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Source: The post is based on the article “Why the erosion of the traditional Indian family is worrying” published in the Indian Express on 17th May 2023.
Syllabus: GS 4 – Role of family society and educational institutions in inculcating values.
Relevance: About traditional family system.
News: Recently, the world celebrated International Day of Families on May 15. But the constant weakening of the traditional family system is a cause for worry.
What is the importance of family?
The family has been a foundational institution of society in most parts of the world, particularly in India. India swear by Vasudhaiva Kutumbakam. Kutumb or family has traditionally acquired primacy in human interpersonal-social relationship dynamics. Transparency in relationships is the bedrock of mutual trust. It is this trust that provides a strong foundation for families.
It is an institution where consolidation of interpersonal relations naturally evolved while living under one roof, sharing thought processes, participating in collective actions and developing emotional bonding. It also helped its members to withstand innumerable onslaughts from a globalised world.
This is the reason, so far, no social scientist has been able to advocate any alternate unit better than family.
What are the challenges in implementing reforms in the family system?
Family is not a creation of any government. So, one cannot go to governments to introduce reforms. They need to be society driven. A new set of challenges are emanating from the changing social conditions in our society.
Almost all the reforms in the family start with the state of dialogue within homes. So, lack of quality conversations in most families might create several new crises. This made families united outwardly, but fragmented from within.
Excessive emphasis on individualism: In most relationships, dialogues between family members are rare. For example, candid and heart-to-heart dialogues between husband-wife and parent-children are becoming rare. They have become too formal and superficial. This is due to the excessive emphasis on individualism. This also prevents occasions to gather insights about each other.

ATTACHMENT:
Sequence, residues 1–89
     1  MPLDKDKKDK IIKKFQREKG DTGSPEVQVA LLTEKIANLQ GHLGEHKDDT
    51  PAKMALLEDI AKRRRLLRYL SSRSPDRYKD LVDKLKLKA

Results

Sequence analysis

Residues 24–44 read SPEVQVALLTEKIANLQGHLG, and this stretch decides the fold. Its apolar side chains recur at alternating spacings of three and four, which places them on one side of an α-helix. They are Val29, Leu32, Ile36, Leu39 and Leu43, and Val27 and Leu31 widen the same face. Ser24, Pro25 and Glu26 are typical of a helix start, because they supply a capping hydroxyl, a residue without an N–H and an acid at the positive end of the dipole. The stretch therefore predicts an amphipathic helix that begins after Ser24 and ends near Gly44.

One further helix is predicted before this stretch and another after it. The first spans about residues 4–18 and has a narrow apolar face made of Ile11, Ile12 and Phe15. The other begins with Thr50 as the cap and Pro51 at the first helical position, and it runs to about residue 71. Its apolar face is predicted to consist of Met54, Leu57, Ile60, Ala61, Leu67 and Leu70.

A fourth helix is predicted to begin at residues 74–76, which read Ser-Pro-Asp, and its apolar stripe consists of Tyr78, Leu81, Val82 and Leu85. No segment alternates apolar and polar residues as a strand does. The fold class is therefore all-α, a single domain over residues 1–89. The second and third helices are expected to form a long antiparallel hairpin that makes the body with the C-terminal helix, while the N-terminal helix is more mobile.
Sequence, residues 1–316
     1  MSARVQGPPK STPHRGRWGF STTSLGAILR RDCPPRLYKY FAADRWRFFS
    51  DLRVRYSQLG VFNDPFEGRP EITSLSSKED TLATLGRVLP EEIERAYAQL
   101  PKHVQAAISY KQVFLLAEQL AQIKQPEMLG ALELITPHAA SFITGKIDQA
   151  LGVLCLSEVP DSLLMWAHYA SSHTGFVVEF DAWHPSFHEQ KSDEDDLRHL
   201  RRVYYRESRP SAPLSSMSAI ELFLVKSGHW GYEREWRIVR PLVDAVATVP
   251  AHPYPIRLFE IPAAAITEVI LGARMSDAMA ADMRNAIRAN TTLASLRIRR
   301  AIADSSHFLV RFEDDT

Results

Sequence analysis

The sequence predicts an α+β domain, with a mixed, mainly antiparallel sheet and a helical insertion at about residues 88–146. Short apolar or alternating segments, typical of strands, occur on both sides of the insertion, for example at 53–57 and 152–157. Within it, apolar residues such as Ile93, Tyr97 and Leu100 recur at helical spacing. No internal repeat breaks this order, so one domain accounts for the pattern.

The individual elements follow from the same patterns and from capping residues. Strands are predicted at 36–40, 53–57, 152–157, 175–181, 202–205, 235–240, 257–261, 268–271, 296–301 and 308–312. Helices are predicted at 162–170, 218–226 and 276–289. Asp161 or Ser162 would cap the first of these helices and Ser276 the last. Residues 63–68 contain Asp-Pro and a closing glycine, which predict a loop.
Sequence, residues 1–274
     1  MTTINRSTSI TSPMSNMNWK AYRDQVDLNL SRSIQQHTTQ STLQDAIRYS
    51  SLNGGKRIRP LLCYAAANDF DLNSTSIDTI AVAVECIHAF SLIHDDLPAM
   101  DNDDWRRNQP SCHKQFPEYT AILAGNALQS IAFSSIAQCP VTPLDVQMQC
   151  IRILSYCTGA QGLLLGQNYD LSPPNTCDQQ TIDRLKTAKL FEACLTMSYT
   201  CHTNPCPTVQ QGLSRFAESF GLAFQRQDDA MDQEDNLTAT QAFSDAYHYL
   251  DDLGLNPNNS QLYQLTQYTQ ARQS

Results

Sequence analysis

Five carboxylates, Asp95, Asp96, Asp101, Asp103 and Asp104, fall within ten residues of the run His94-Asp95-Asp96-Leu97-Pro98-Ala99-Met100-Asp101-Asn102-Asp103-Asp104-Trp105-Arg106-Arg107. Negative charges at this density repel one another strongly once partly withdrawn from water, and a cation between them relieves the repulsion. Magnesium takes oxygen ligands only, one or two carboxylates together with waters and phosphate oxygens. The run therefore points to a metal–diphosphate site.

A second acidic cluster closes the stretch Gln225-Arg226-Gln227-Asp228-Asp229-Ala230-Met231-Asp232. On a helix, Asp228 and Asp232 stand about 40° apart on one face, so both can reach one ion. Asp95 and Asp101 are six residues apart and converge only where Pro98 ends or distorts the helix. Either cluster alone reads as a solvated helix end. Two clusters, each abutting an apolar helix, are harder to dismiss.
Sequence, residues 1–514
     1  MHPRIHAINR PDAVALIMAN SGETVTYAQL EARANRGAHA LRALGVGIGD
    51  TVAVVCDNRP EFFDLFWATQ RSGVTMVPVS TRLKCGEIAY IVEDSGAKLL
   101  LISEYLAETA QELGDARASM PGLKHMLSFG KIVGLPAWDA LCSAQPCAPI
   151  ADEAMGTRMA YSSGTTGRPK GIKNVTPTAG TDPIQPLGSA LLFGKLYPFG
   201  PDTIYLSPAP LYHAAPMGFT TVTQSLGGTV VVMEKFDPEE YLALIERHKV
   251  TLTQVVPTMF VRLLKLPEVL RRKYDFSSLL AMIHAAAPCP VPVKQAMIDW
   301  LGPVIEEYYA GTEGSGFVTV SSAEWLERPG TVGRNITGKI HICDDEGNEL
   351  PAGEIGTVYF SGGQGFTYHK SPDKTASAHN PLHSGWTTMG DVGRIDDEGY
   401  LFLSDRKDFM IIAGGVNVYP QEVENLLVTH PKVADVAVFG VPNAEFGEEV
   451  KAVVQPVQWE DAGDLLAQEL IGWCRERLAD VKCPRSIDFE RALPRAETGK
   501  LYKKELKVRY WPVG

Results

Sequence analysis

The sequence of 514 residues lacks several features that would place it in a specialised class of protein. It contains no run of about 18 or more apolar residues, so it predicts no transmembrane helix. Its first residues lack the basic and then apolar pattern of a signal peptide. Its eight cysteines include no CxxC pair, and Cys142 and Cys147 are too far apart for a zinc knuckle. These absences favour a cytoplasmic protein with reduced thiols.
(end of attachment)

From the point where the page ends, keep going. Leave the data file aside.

Excessive Formalisation: From birthdays to weddings and house-warmings to condolence meetings, everything is being made into a formal event. This disregards the beauty of informality. This creates the “crisis of authenticity” of our interpersonal feelings.
External factors like peer pressure and exhibitionism have further complicated the family structure.
What should be done to revive India’s traditional family system?
Focus on collectivity: Indian society will pay a huge price if we continue to ape Western societies and emulate mindless individualism. A traditional Indian family is like what Krishna Yajurveda Taittiriya Upanishad says.
Note: It said, “May we work together with great energy and finally may there be no hate among us”.
Ideas like privacy and private space are too important to be ignored. But that should not be at the cost of collectivism, partnership and the value of sharing. The joy of sharing leads to a commonality of ethos, likes and dislikes.
Recognise the contributions of women: India needs to have women-led families as a starting point for the implementation of the PM’s call for women-led development. To make this happen, men will have to rise above the traditional male mindset and ensure equality of security, opportunities and respect.
Woman-led, child-focused and elderly-sensitive families are the need of the hour